The Reality of Spinal Fusion Surgery

Scoliosis spinal fusion can stabilize the curvature of the spine and halt progression but the surgeon can not cure scoliosis. Spinal fusion is an expensive and invasive procedure but it can seem worth it due to the promise of stopping progression, reducing the curve size, pain relief or improved appearance.

Adult scoliosis patients often suffer tremendously due to scoliosis pain and adolescent scoliosis patients worry about the outward appearance of the deformity. They both worry about curve progression. They want to fix their scoliosis so badly that they may not take the time to fully consider the long term outcome of scoliosis spinal fusion. If they are aware of non surgical scoliosis treatments, they may be intimidated by stories of painful braces or having to exercise regularly. They may be discouraged by well intentioned, but uninformed medical professionals from trying non surgical treatments. Many medical doctors are not even aware that scoliosis specific exercise programs exist, have been validated by science AND are very effective!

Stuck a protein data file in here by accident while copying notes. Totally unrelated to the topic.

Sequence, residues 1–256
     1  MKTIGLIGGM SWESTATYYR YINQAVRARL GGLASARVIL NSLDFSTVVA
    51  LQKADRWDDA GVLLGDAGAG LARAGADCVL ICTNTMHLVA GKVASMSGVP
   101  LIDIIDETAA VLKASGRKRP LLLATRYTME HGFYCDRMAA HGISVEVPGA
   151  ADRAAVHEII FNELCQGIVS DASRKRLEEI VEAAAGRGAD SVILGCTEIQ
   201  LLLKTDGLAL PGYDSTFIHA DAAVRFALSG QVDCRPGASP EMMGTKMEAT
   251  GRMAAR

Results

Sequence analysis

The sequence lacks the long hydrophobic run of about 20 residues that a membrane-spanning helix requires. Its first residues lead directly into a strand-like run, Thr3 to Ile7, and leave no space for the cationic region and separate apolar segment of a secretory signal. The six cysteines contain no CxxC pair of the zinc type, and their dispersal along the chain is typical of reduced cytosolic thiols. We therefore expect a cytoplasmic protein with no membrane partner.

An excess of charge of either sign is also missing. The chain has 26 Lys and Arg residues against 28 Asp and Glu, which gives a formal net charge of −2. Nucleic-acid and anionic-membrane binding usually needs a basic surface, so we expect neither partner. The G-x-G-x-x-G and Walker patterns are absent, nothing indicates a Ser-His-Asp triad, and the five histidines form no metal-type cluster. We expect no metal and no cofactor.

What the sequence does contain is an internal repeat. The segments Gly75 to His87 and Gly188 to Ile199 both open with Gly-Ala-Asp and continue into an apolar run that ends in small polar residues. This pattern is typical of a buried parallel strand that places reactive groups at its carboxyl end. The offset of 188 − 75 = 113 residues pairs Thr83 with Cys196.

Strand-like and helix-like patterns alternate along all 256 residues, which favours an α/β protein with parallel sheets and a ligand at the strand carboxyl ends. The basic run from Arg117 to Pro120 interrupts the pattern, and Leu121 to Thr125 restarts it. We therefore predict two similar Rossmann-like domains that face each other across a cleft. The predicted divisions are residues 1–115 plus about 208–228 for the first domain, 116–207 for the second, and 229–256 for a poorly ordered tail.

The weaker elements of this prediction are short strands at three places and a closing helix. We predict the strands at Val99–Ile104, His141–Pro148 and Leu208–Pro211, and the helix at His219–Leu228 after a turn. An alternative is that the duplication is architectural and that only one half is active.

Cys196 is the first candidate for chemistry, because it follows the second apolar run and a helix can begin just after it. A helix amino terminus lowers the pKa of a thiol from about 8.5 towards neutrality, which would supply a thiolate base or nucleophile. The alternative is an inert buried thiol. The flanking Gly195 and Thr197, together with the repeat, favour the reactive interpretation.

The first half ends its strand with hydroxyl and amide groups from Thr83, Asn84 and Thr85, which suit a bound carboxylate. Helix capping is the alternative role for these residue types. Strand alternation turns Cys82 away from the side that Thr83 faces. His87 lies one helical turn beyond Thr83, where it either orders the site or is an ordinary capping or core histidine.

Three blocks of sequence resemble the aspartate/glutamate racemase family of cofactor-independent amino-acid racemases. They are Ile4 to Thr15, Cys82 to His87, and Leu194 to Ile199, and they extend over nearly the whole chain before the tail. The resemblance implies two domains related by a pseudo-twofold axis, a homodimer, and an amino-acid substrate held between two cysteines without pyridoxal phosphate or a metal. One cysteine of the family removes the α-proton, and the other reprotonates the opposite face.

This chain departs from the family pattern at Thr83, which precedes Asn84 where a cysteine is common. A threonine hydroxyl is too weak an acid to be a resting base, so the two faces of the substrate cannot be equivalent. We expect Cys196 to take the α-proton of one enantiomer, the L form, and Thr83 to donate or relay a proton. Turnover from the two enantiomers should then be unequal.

Most scoliosis surgery involves the use of titanium rods, hooks and screws that are attached to the spine. The surgeon will use powerful levers to straighten the spine and then attach rods to hold the correction. The next step in the surgery is to use fragments of bone which fuse the spine, locking in the correction obtained by the rods, hooks and screws. 

More recently, less invasive methods have become approved by the FDA. Vertebral body tethering (VBT) and vertebral body stapling (VBS) techniques can be used in selected cases of children who have significant remaining growth potential. While these types of surgeries do not involve fusion, they are still considered major spine surgery. These less invasive procedures have only been approved in the past few years, are only used in growing children, and this article is focused on what adults who have had surgery can do, so let’s focus on fusion surgery with rods, hooks, and screws.